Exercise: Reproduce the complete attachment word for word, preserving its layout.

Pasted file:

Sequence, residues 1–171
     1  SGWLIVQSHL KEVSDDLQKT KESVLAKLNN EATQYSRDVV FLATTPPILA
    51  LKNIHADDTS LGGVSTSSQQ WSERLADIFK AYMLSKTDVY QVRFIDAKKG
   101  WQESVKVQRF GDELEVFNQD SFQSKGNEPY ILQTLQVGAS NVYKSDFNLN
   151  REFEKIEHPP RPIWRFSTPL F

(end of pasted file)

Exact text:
Sequence, residues 1–171
     1  SGWLIVQSHL KEVSDDLQKT KESVLAKLNN EATQYSRDVV FLATTPPILA
    51  LKNIHADDTS LGGVSTSSQQ WSERLADIFK AYMLSKTDVY QVRFIDAKKG
   101  WQESVKVQRF GDELEVFNQD SFQSKGNEPY ILQTLQVGAS NVYKSDFNLN
   151  REFEKIEHPP RPIWRFSTPL F